Lease Lingo

by Katie Kim
The Kim Group

“Hello, I am looking for 2,000 square feet for my company. Do you have anything?” 

“Sure! We have 2,000 square feet in Pioneer Park for $6.75/sf + NNN (triple net). We also have some great flex space for $8/sf GROSS in the Warehouse District. Interested?” 

“What’s triple net (NNN), and how much is that a month? What’s flex space? And what does gross mean?”

Ever look for office space and think people are speaking another language? How do you know what is what, to compare apples to apples? 

Many times when someone needs new office space or is looking to move, they are not aware of their options—or what to ask. They probably moved into their existing space because it fit their immediate needs and budget, but it may no longer fit their current needs or growth plans. They need to look at space from a different point of view. But where do they start?

Let’s Start with the Basics: NNN or Gross? And What’s the Difference?
NNN lease, or “triple net” lease, is where the tenant assumes all expenses for operating a property, including both fixed and variable expenses and any common area maintenance that might apply. The landlord, however, is responsible for structural repairs. Gross lease is where the tenant pays a set “gross” amount for rent and the landlord pays all real estate expenses.

These are the two extremes, but there are many hybrids in between: modified gross lease, net lease, net net lease, absolute net lease, absolute net bond lease, and many more. So how do you know what’s included? Let’s ask some basic questions… 

Is This an NNN Lease or a Gross Lease?
If it’s an NNN lease, ask what the NNN rent is. This is usually not given when an agent gives the base rent. They will usually say it’s “$8/sf triple net or NNN”—which means there are additional costs above and beyond the $8/sf. You will want to know what the NNN rent is currently, as well as what it has been historically.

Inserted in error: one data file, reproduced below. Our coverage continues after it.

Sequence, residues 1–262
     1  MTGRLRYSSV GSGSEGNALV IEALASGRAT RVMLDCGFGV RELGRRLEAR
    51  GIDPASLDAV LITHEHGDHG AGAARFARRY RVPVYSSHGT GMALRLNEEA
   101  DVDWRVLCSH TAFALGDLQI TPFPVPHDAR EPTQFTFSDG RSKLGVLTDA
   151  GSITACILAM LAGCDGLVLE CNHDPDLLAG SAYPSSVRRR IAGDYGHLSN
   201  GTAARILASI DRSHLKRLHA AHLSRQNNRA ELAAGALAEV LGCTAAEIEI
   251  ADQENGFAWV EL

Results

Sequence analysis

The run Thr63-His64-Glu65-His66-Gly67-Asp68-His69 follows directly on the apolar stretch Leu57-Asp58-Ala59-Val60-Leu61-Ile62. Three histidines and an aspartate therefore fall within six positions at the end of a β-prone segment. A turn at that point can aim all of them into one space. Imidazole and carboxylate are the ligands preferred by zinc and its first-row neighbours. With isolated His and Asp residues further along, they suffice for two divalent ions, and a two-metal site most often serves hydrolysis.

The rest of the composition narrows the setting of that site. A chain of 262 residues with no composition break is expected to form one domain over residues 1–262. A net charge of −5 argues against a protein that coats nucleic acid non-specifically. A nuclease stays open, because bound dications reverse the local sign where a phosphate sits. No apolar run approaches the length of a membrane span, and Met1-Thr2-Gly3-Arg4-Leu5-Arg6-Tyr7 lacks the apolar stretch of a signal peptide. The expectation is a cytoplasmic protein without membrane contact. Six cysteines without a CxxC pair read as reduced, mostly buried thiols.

If it is an NNN lease, what is included in the NNN? Property taxes, building insurance, and common area maintenance? Are there additional items? You will also want to confirm that any common maintenance areas are on their own separate “house” meter or are able to be monitored separate from any tenant space.

If it is a gross lease, what is included in the gross lease amount? Are utilities included? Usually in a true gross lease, the utilities and all expenses incurred by the tenant are included in the base gross
lease amount. 

Note: True gross leases are rare. There are a lot of versions of modified gross leases, where they combine the NNN expenses and the base rate to come up with a gross lease amount; however, the tenant is responsible for their own utilities. Thus it would be a modified gross lease, not a true gross lease.

Now that you have the numbers and understand the structure of lease… 

How Do You Calculate How Much You Will Have to Pay Per Month?
For an NNN lease: Let’s say you have 2,000 square feet at $7/sf NNN, where the NNN is $3.50/sf. You would multiply 2,000 by $10.50 ($7/sf base rent + $3.50/sf NNN rent), equaling $21,000—the amount of rent you will pay in a year. Dividing $21,000 by 12 (months) gives you $1,750 monthly rent, plus whatever business expenses you may have, such as utilities, internet, etc.

For a gross lease: Let’s say you have 2,000 square feet at $11/sf GROSS. You would multiply 2,000 by $11/sf and divide by 12 months—a monthly rent of $1,833.33, plus whatever business expenses are not included in the gross rent amount.

Special note on NNN leases: The NNN payment is usually paid on a monthly basis, so they are basically escrowed. At the end of the year, there is a reconciliation, where they compare what you have paid in for NNN rent with what was paid out for NNN expenses. If there is a balance due, the tenant must pay the shortfall. If there is a surplus, the landlord and tenant can decide to adjust the NNN rent for the next year, or simply refund the surplus funds to the tenant. This is the main reason to ask how the NNN has been historically—you always want to have a little bit saved at the end of the year, just in case you have to make an additional payment.

What is the Landlord Providing for the Base Rent Amount?
There are a few terms you will hear at this point in time, so let’s define them: